During the late ’60s, Dorothy R. Leavell was a trailblazer in the newspaper publishing business.
And today Leavell is still at the helm of the The Chicago Crusader Newspaper, a community newspaper that has managed to stay relevant for 75 years.
After the death of her husband, Balm L. Leavell, in 1968, Leavell found herself in charge of a publication that was started in an apartment in CHA’s Ida B. Wells public housing.
At that time there were only about five other women publishers in the country.
“They were all like senior citizens. I was a widow at 24 years old with two babies,” Leavell told me in a recent interview.
Leavell was 14 years old when she came to Chicago from Pine Bluff, Arkansas, to visit an aunt. The aunt had a friend who owned a rooming house at 45th and King Drive, and the women would often brag about how smart the youngsters were in their lives.
“The rooming house lady told my aunt, if I was that smart I should come here and try to get a job at the Crusader, since one of her roomers worked for the Crusader,” Leavell said.
Leavell ended up working for the newspaper over summer vacation and during Christmas break. When she graduated from high school, Leavell moved to Chicago and eventually married the paper’s founder. He died five years later.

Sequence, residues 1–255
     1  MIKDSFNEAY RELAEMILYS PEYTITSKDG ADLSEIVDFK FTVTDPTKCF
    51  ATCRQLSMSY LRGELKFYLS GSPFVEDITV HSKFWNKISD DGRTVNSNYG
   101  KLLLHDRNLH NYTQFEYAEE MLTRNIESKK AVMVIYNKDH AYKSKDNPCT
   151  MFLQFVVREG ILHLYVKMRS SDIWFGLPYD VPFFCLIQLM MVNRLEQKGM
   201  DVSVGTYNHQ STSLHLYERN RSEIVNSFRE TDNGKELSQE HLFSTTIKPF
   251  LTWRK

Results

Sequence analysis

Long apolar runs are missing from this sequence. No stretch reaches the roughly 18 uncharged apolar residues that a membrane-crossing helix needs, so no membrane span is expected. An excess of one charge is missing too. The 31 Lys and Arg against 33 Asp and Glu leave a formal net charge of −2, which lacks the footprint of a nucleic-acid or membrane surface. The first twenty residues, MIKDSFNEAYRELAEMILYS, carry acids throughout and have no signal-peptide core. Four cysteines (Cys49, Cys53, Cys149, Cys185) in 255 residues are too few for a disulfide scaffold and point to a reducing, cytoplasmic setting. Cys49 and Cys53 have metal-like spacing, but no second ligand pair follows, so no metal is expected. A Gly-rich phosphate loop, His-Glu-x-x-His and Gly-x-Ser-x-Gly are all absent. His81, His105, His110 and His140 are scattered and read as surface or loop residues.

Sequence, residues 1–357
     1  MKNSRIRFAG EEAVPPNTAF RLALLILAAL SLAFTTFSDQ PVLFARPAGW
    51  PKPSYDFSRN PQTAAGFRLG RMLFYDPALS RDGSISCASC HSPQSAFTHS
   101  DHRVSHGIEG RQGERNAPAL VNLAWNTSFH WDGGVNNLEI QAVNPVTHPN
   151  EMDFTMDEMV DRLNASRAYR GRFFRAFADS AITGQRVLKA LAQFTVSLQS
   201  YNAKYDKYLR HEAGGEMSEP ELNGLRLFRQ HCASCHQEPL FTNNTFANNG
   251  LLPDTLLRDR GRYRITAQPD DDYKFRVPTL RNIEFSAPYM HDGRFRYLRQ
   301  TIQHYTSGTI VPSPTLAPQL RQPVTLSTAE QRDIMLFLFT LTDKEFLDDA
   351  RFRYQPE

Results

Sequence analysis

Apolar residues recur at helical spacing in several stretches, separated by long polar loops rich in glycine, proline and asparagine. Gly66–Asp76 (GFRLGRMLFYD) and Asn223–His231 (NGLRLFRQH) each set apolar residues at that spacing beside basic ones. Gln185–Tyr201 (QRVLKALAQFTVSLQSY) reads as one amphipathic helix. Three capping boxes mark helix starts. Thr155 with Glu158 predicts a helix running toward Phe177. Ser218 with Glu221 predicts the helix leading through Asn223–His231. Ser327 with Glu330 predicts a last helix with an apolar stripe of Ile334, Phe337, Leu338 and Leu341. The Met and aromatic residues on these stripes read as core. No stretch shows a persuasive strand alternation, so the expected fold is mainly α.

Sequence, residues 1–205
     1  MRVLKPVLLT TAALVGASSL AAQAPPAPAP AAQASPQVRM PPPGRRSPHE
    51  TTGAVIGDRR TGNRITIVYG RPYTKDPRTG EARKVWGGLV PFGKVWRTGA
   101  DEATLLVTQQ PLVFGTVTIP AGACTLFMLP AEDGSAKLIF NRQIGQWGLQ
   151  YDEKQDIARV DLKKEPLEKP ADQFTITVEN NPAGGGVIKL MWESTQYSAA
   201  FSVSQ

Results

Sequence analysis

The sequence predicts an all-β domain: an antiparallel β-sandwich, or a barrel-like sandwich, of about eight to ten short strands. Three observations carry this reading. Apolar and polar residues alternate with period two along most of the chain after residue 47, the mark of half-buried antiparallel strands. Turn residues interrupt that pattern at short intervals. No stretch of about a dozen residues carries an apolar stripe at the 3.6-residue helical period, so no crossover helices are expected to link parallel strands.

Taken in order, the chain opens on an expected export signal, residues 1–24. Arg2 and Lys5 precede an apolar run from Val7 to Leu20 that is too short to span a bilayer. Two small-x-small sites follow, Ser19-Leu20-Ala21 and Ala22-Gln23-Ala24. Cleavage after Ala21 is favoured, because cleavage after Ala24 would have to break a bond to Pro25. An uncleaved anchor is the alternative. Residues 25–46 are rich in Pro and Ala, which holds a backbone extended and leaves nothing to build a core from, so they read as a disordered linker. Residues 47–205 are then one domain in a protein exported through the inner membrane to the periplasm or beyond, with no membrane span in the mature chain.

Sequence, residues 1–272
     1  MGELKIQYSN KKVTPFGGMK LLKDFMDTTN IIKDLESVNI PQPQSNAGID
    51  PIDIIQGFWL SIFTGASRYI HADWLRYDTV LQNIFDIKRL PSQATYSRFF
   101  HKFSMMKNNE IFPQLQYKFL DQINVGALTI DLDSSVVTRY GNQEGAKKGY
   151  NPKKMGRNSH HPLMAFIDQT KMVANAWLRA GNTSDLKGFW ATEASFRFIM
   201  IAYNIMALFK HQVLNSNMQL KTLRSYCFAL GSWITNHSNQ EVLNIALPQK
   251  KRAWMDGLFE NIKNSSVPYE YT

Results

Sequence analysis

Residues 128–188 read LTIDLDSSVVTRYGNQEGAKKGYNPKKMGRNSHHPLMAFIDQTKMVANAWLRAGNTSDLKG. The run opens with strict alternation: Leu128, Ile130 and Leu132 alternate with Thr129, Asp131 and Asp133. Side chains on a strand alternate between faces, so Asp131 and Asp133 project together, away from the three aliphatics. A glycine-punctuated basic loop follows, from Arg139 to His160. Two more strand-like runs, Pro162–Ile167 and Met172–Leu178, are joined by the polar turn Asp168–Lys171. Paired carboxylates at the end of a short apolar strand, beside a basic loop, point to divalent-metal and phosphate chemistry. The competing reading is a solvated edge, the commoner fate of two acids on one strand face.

“When he died I had two newspapers (one in Gary, Indiana) and two babies. . . . We were not on a good financial footing, but I decided I was going to try,” Leavell told me. “In those days, you did whatever you needed to do. Everything was hands on and on-the-job training.”
But Leavell said she was prepared for the challenge because of lessons she learned from a high school principal in Pine Bluff.
“He made us feel we could do anything that we wanted to in any realm. That was the philosophy that had been drilled in me. I knew it would be a challenge, but I didn’t know it would be as difficult as it turned out,” she said.
Besides running the community newspapers, Leavell served two stints as president of the National Newspaper Publishers Association, a black newspaper trade organization. Leavell also served as chairman of the National Newspaper Publishers Association Foundation from 2006 to 2011.
She’s especially proud that during her term as president of NNPA, the group led a delegation to Nigeria to investigate the Nigerian political crisis. While her decision to intercede in Nigeria sparked controversy, it also raised the organization’s international profile.
“I don’t regret doing it. My central theme has been building bridges and that included bridges with Africa,” she told me.
While some question the relevancy of black newspapers, Leavell said she believes the black press is still very much needed today, especially in light of controversial police-involved shootings.
“The black press was never founded to make money. It had a deeper mission. It has been our mission to provide better conditions for black people,” Leavell said.
“The daily newspapers fell from 25 stories high; we were already in the basement. We don’t have a lot of pages, but we try to provide a mechanism for young people to aspire for greater things,” she said.